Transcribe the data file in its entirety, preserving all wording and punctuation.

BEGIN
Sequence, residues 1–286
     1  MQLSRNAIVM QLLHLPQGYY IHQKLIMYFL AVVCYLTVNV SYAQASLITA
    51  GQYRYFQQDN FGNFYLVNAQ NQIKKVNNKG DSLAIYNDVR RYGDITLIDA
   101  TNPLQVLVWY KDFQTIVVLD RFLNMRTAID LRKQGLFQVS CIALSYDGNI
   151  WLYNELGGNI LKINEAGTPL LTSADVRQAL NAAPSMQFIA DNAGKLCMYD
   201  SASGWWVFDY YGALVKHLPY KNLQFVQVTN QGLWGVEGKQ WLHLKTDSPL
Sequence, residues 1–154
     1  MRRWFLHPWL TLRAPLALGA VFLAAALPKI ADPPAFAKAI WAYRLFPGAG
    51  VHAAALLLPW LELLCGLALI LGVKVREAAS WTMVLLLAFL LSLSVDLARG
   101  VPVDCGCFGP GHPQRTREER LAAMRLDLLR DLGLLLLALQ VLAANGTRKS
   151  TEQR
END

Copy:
Sequence, residues 1–286
     1  MQLSRNAIVM QLLHLPQGYY IHQKLIMYFL AVVCYLTVNV SYAQASLITA
    51  GQYRYFQQDN FGNFYLVNAQ NQIKKVNNKG DSLAIYNDVR RYGDITLIDA
   101  TNPLQVLVWY KDFQTIVVLD RFLNMRTAID LRKQGLFQVS CIALSYDGNI
   151  WLYNELGGNI LKINEAGTPL LTSADVRQAL NAAPSMQFIA DNAGKLCMYD
   201  SASGWWVFDY YGALVKHLPY KNLQFVQVTN QGLWGVEGKQ WLHLKTDSPL
Sequence, residues 1–154
     1  MRRWFLHPWL TLRAPLALGA VFLAAALPKI ADPPAFAKAI WAYRLFPGAG
    51  VHAAALLLPW LELLCGLALI LGVKVREAAS WTMVLLLAFL LSLSVDLARG
   101  VPVDCGCFGP GHPQRTREER LAAMRLDLLR DLGLLLLALQ VLAANGTRKS
   151  TEQR